One of my first recipes when I started cooking included an apple pie. I had made the pie dough from scratch, following the instructions to the dot. It was a simple double crust pie with just apples, zest, sugar and spices for the filling, it remains a favorite for it's simplicity and deliciousness. Truth is, up to that time in my life, I had never eaten a pie of any kind that I could remember liking. I had read enough to know that to make from scratch, they were a challenge, but when made right, they were really good.
It was love at first bite, especially for my father, which took me by surprise. He knows his food and it's very hard to get him to like anything less then homemade or of the American cuisine. I have since made that apple pie a few times, switching between a Dutch apple version, which is mine and my mother's favorite.
I recently added Dorie Greenspan's BAKING CHEZ MOI cookbook to my growing collection and I have discovered what the talk is all about. The book is full of beautiful recipes perfect for cooks of every level but especially for home cooks who want recipes that can wow even in the simplest and most rustic form.
The first chapter of the book is Simple Cakes and that's where I stopped, at least for the time being. Her apple kuchen caught my eye and my To-Do list was already adding this one to the top for the weekend. The combination of apples and custard sounded so homey, like apple pie, yet looked so elegant. The tourte did not disappoint. The apples were softened yet still with a bite, surrounded by the creamy custard and combined with the sugared, crisp top, came together just like I imagined it would. I think this tourte nudged it's way up past the apple pies on my list of dessert favorites and intends to stay there.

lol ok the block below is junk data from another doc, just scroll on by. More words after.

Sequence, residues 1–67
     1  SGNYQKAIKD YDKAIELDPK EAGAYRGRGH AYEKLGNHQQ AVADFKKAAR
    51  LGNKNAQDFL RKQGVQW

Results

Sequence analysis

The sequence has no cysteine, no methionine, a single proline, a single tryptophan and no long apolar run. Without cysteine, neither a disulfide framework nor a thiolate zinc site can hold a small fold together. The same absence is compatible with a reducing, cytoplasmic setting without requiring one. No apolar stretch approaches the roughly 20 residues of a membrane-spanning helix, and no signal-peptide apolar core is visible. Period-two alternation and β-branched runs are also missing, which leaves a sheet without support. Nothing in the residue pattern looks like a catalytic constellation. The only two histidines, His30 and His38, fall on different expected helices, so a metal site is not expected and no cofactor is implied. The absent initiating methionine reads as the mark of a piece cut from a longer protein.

An Apple & Custard Tourte
- 1/3 cup raisins
- 3 Tbsp dark rum
- 2 Tbsp butter (unsalted), melted
- 2-2 1/2 lb apples (Fuji or Gala) peeled, cored and cut into 1-inch cubes.
- 6 Tbsp crushed graham crackers
- 1 3/4 cups all-purpose flour
- 1/4 cup sugar
- 1/2 tsp fine sea salt
- 10 Tbsp cold butter (unsalted), cut into 20 cubes
- 3 large egg yolks
- 2 large eggs
- 1 large egg yolk
- 1/2 cup + 2 Tbsp sugar
- 1 1/4 cups heavy cream
- 4 Tbsp butter (unsalted) melted
- Put the raisins into a small jar and cover with the rum, cover with lid and shake. Let mixture soak while you continue with the other ingredients, shaking the jar every so often. This can also be done ahead of time the night before.
- For the crust: combine the flour, sugar, and salt in a food processor. Add the cold butter and pulse until mixture resemble coarse cornmeal. Add one egg yolk at a time, pulsing in between to distribute. Once all the yolks have been added, pulse the dough mixture until it starts to come together and form curds.
- Turn the dough out and knead gently to incorporate any remaining dry ingredients. Placing the dough between two sheets of parchment, roll out into a large circle, about 15-inches. Chill rolled out dough in the refrigerator for 15 min until firm but still pliable.
- Butter and flour a 9-inch springform pan. Remove the top sheet of parchment from the chilled dough and flip the paperless side of the dough over the springform pan. Removing the second sheet of paper, gently press the dough down into the bottom of the pan and up the sides. Once the dough is in the pan, trim the excess dough flush with the top rim of the pan. The dough may tear or crack during this transfer and that's completely fine. Just patch it up where ever necessary. Cover and refridgerate for 2 hours or overnight.
- For the fruit filling: preheat your oven to 400 degrees F, centering your oven rack. Mix the graham crackers and butter together, sprinkle over the bottom of the crust. Top with apples and drained raisins, reserving the rum. Line a baking sheet and place the springform pan onto it. Bake for 15 min to slightly roast the fruit.
- For the custard: whisk eggs, yolk and 1/2 cup of sugar. Add the heavy cream, reserved rum and whisk until mixture is smooth. When the tourte is pre-baked, pour the custard mixture over apples, reduce the oven to 375 degrees F and continue to bake for another 60-70 minutes.
- Once the filling has puffed up and a knife inserted deep comes out clean, remove the baking sheet from the oven and turn on the broiler. Sprinkle the remains 2 Tbsp of sugar over the tourte and drizzle with melted butter.Broil until sugar bubbles and starts to darken. Allow tourte to cool to room temperature before removing from the pan. Dust with confectioner's sugar just before serving.
- The original recipe calls for an optional addition of zest of 1/2 a lemon to the ingredients of the crust. I omitted this from the recipe as a personal preference.
*Adapted from the BAKING CHEZ MOI cookbook.